San Francisco

Twelfth Annual Oil and Sculpture

Richmond Art Center

For many years the Richmond Annual has enjoyed a popularity among local artists that is usually reserved for larger and more famous shows. Partly because the gallery sets no constricting size restrictions and partly because the jurors were given complete freedom of choice, these shows have always attracted a much larger and more professional group of entries than might be expected at an art center of this type. Its reputation is, however, only local, and, although the show is open to any California painter, and the jury commonly includes at least one member who “makes it” on the New York scene, most of the entries come from either the East Bay or San Francisco. This year 393 artists submitted 425 works. As usual the majority of the entrants were students, but a number of more mature and successful artists, including many members of the faculties of nearby colleges, also submitted; thus the jurors (Mel Henderson, Robert Beetern, and John Grillo) were provided with a fairly broad cross-section of the area’s better art. To judge from the final selections—nothing much is happening locally.

One was almost immediately struck by how pretty this show was—how tasteful and chic everything looked. Crossing all categories of style and expression in both media, the overpowering quality was of a formal character that can only be described by that awful word, attractive. Two prize winners, Richard McLean’s, “Offering” and Norman Lockwood’s “Flotation,” set the tone of the whole show. (Whether this represents the taste of the jury or the character of local art as a whole, is hard to determine; although the Salon de Refuses arranged by the students at Oakland’s College of Arts and Crafts offers some commentary on that issue.) In at least half the show, surface prettiness was accompanied by a shallowness of expressive content, but there were a few works in which decorativeness was a positive feature and not merely a synonym for pretty. In John Richard’s “Battle Form,” smallness of scale and size and a formal subtlety appropriately suggested the quiet charm of a Morandi still life. Thomas Akawie stained and worked large pools of color so lovingly that he belied his “action painting“ format, but did not become simply decorative. Arne Hiersoux’s large collage, “Cassandra’s Kiss,” conceals a really “undecorative” vigor of movement and strength of construction behind considerable surface charm.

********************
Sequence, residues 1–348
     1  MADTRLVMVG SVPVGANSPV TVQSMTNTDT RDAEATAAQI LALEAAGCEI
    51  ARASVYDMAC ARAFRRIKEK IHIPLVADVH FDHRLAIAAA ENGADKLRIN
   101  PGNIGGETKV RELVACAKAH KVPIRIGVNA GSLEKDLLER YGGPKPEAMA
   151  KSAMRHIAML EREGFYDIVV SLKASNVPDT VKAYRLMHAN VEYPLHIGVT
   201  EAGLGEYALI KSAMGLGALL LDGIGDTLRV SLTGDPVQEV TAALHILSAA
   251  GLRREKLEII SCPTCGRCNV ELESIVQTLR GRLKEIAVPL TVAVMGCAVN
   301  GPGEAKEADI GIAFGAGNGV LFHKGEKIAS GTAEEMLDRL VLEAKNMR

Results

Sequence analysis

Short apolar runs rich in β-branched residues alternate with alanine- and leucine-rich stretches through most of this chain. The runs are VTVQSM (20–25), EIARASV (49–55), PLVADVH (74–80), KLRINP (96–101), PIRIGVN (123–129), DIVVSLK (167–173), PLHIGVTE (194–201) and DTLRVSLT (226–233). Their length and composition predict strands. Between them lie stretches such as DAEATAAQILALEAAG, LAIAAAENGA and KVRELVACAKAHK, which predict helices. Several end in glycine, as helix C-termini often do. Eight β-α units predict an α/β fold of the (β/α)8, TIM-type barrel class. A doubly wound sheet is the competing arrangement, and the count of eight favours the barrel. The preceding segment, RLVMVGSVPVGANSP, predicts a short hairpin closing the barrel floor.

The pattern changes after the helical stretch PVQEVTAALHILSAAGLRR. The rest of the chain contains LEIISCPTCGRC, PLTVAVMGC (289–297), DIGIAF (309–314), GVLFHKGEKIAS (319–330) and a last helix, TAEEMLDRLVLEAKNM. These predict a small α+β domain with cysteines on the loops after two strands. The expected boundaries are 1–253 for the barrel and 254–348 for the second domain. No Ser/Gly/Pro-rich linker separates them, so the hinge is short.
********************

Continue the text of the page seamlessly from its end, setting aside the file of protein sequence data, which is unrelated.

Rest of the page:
Among those few which were neither plastically nor emotionally banal, a few merit special comment. William Geis builds up swelling and twisted plaster forms that verge on the organic without crossing the line. He manages a sense of humor without sacrificing seriousness of purpose. Karen Devich’s red-and-blue-decorated metal construction, “Bastille Day,” is more obviously entertaining. It looks as if it ought to move or make noises—its energy is contagious. Two sculptors who work in clay, James Melchert and Stephen de Staebler, appear to be related in that their work carries overtones of moral judgment. De Staebler crusts a sarcophagus-shape with black and scatters old “bones” around. The imagery is pretty obvious, but the work has a plastic sensitivity and inventiveness that raises it above most of the other works in this genre. Melchert relies on the more purely sculptural qualities of interplaying surfaces and voids. His oddly truncated and bulky piece is one of the strongest things in the show. Two other sculptors base their statements on older (but not necessarily more “dated”) traditions. Ramon Oeschger’s “Wood Growth” is just what its title suggests—an image of organic growth. F. Vredaparis in “Kanal Figure” reveals connections to Europe-centered attitudes of expressive abstraction. In the painting, “Crossness,” Tom Holland explores the boundaries between painting and sculptured relief. Thick paint is almost modeled into curving ridges and the format is constructed in two overlapping layers—the lower one a cross. Although the formal problem reflects “pop” art interests, there is a solemn, almost iconic aspect to this work that is distinctive. Robert Hartman’s “Monchar,” by contrast, is a vigorous statement in the Abstract Expressionist idiom, showing that there is still something to be said this way. Stephen Kelemen’s “Wanton Beast” is a long tailed “monster” with a powerful diagonal thrust. Awards were given to Richard McLean, Charles Gill, Tom Holland, Philip Linhares, Norman Lockwood, Stephen de Staebler, Robert E. McLean, and James Melchert.

Bruce Boice